Judge dependence, epistemic modals, and predicates of personal taste

Linguistics and Philosophy 30 (4):487--525 (2007)
Abstract
Predicates of personal taste (fun, tasty) and epistemic modals (might, must) share a similar analytical difficulty in determining whose taste or knowledge is being expressed. Accordingly, they have parallel behavior in attitude reports and in a certain kind of disagreement. On the other hand, they differ in how freely they can be linked to a contextually salient individual, with epistemic modals being much more restricted in this respect. I propose an account of both classes using Lasersohn’s (Linguistics and Philosophy 28: 643–686, 2005) “judge” parameter, at the same time arguing for crucial changes to Lasersohn’s view in order to allow the extension to epistemic modals and address empirical problems faced by his account.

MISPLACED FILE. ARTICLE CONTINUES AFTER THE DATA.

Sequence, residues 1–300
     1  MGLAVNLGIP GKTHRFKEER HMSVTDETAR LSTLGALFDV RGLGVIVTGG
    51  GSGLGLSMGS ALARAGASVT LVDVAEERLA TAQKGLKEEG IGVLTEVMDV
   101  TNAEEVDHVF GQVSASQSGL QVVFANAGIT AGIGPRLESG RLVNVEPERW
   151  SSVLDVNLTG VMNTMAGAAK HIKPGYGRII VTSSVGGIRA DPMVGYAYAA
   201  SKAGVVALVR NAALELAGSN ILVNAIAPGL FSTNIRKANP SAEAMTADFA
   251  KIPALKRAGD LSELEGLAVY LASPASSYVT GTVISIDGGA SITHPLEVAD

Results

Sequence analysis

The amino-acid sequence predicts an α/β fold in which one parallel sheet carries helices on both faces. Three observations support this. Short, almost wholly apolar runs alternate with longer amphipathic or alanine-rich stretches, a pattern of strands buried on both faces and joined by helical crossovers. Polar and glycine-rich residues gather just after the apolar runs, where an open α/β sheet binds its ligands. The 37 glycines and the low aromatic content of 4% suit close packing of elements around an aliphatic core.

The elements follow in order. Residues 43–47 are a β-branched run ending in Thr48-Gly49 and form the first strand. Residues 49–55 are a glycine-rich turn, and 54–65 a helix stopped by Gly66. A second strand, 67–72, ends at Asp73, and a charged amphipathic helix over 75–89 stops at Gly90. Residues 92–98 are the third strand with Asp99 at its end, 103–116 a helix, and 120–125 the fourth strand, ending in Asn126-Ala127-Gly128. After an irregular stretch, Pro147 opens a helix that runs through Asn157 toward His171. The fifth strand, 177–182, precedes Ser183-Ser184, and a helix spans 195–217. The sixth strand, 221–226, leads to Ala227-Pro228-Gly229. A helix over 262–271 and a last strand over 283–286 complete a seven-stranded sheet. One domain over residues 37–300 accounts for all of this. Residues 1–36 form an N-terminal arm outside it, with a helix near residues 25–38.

Keywords philpapers: relativism about truth
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DOI 10.1007/s10988-008-9023-4
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References found in this work BETA
Themes From Kaplan.Joseph Almog, John Perry & Howard K. Wettstein (eds.) - 1989 - Oxford University Press, Usa.
Common Ground.Robert Stalnaker - 2002 - Linguistics and Philosophy 25 (5-6):701-721.
Epistemic Modals, Relativism and Assertion.Andy Egan - 2007 - Philosophical Studies 133 (1):1--22.

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Citations of this work BETA
Disagreements About Taste.Timothy Sundell - 2011 - Philosophical Studies 155 (2):267-288.
Varieties of Disagreement and Predicates of Taste.Torfinn Thomesen Huvenes - 2012 - Australasian Journal of Philosophy 90 (1):167-181.
Indexical Contextualism and the Challenges From Disagreement.Carl Baker - 2012 - Philosophical Studies 157 (1):107-123.
What We Know and What to Do.Nate Charlow - 2013 - Synthese 190 (12):2291-2323.

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